JUDITH REVEDOUNE LOOKED ACROSS THE LEDGER AT HER father. Her mother, Helen, was beside her. Judith felt no fear of the man in spite of all he’d done over the years to make her fear him. His eyes were red with deep circles beneath them. She knew his ravaged face was due to his grief at the loss of his beloved sons; ttwo ignorant, cruel men who were exact replicas of their father.
Judith studied Robert Revedoune with a vague sense of curiosity. He didn’t usually bother with his only daughter. He had no use for women since his first wife died and his second, a frightened woman, had merely given him a girl. “What do you want?” Judith asked calmly.
Robert looked at his daughter as if seeing her for the first time. Actually, the girl had been kept hidden most of her life, buried with her mother in their own apartments amid their books and ledgers. He noticed with satisfaction that she looked like Helen had at that age. Judith had those odd golden eyes that some men raved about, but which he found unsettling. Her hair was a rich auburn. Her forehead broad and strong, as was her chin, her nose straight, her mouth generous. Yes, she would do, he thought. He could use her beauty to his advantage.
“You’re the only one I have left,” Robert said, his voice heavy with disgust. “You will marry and give me grandsons.”
Judith stared at him in shock. All her life she had been trained by Helen for life in a nunnery. Not a pious education of prayers and chanting, but one of high practicality, leading to the only career open to a noblewoman. She could become a prioress before she turned thirty. A prioress was as different from the average woman as a king from a serf. A prioress ruled lands, estates, villages, knights; she bought and sold according to her own judgment; she was sought by men and women alike for her wisdom. A prioress ruled and was ruled by no one.
Judith could keep books for a large estate, could make fair judgments in disputes, and knew how much wheat to grow to feed how many people. She could read and write, manage a reception for a king, run a hospital; everything she would need to know had been taught her.
And now she was expected to throw all of this away and become the servant of some man?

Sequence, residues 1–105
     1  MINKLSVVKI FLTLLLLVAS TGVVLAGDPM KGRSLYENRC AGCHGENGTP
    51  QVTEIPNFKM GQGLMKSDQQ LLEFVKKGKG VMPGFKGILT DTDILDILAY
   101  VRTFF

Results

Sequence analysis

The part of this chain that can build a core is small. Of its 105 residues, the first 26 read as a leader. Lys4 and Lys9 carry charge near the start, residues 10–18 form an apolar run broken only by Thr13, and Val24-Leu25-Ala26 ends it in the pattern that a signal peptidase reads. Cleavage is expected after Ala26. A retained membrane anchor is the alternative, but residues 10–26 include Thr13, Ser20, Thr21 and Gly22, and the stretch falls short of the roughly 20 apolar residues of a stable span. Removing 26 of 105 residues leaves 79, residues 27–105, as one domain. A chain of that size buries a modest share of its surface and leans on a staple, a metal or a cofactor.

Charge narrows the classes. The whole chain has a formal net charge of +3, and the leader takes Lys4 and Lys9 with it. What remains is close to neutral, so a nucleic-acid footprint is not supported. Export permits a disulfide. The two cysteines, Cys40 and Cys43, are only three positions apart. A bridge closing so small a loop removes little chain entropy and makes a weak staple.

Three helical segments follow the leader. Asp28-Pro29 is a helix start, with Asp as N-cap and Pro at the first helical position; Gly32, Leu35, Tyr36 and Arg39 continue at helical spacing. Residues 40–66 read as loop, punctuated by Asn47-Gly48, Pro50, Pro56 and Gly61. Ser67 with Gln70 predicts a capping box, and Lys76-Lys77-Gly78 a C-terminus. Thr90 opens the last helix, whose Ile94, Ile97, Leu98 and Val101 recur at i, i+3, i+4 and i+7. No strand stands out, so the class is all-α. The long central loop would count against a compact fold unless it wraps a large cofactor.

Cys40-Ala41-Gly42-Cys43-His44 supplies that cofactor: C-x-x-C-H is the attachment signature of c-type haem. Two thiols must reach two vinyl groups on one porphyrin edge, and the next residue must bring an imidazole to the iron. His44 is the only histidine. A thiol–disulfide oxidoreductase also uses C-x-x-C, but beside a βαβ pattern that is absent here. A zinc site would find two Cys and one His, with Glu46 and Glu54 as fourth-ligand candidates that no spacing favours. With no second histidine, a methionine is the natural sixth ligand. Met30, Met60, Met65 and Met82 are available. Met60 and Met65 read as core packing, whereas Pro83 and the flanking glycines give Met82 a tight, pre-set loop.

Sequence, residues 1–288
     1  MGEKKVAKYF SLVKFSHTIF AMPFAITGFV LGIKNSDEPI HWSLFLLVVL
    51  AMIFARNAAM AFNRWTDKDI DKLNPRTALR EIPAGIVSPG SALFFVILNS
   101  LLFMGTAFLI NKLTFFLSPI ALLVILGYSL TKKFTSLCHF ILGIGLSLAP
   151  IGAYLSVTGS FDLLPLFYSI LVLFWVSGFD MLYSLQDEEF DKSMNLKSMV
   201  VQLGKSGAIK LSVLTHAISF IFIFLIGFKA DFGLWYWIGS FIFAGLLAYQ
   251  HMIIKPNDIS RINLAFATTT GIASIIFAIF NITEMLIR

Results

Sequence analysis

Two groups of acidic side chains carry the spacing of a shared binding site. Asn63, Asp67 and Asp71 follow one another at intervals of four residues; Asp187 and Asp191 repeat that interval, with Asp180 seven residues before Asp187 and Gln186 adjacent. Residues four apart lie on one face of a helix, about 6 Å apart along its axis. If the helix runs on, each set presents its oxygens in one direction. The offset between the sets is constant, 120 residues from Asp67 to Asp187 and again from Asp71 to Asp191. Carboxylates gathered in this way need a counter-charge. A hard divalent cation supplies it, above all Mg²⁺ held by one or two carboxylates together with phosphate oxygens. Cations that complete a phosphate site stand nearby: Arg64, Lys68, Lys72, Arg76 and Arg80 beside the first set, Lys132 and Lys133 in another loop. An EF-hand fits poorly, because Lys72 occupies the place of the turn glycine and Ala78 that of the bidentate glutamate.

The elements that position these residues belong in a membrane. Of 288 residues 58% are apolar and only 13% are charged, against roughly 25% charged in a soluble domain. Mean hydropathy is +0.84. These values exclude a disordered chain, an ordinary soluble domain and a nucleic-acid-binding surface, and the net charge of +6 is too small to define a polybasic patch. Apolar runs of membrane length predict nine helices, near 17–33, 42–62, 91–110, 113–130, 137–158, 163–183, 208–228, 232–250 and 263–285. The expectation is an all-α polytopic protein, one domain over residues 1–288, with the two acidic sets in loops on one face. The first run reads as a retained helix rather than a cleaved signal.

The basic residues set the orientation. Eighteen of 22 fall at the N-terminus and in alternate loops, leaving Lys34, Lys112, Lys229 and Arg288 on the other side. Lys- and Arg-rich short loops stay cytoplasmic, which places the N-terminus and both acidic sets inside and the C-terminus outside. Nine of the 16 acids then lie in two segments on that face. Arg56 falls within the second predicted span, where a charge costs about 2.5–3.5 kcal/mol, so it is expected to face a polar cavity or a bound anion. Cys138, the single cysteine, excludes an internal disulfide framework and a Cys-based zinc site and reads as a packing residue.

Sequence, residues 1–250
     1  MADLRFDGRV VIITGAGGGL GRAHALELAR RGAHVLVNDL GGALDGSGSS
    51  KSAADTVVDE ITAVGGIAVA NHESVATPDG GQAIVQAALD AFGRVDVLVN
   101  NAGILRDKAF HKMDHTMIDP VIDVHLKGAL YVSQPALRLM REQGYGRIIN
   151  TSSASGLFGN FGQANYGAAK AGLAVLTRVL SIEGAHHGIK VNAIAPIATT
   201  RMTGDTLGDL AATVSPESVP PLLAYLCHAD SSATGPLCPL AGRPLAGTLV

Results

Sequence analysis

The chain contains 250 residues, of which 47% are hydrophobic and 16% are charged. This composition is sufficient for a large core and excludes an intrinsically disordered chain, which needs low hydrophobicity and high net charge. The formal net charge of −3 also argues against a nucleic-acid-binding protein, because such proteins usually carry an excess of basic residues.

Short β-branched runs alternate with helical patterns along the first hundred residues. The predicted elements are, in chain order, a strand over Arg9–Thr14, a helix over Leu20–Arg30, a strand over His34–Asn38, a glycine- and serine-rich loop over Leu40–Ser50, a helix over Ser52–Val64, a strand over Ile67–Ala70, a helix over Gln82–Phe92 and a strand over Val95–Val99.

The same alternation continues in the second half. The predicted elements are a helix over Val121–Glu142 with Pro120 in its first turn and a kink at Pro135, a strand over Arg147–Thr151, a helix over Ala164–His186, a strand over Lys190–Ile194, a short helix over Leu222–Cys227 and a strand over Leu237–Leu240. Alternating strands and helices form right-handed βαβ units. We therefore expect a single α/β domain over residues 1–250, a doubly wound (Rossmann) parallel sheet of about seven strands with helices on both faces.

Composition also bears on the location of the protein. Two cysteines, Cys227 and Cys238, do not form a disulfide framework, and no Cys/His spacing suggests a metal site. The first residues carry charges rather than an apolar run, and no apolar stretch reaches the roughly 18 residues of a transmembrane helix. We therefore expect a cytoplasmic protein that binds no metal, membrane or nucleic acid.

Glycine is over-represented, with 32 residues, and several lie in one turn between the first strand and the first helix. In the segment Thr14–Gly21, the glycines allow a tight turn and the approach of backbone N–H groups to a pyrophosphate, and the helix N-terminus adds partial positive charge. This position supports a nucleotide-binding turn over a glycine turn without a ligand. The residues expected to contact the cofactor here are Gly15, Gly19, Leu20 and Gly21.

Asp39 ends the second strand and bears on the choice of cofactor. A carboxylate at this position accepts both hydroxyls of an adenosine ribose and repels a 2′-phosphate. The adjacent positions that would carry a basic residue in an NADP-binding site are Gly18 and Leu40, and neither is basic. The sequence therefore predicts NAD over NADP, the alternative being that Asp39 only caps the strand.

“I will not.” The voice was quiet, but the few words could not have been louder if they’d been shouted from the slate rooftop.
For a moment, Robert Revedoune was bewildered. No female had ever defied him with such a firm look before. In fact, if he didn’t know she was a woman, her expression would have been that of a man. When he recovered from his shock, he hit Judith, knocking her halfway across the little room. Even as she lay there, a trickle of blood running from the corner of her mouth, she stared up at him with absolutely no fear in her eyes, merely disgust and a touch of hatred. His breath caught for a moment at what he saw. In a way, the girl almost frightened him.
Helen was over her daughter in minutes and, as she crouched there, she drew her eating dagger from her side.
Looking at the primitive scene, Robert’s momentary nervousness left him. His wife was a woman he could understand. For all her outward look of an angry animal, he saw weakness deep in her eyes. In seconds he grabbed her arm, the knife flying across the room. He smiled at his daughter as he held his wife’s forearm in his powerful hands and snapped the bones as one would break a twig.
Helen never said a word, only crumpled at his feet.
Robert looked back at his daughter where she still lay, not yet able to comprehend his brutality. “Now what is your answer, girl? Do you marry or not?”
Judith nodded briefly before she turned to aid her unconscious mother.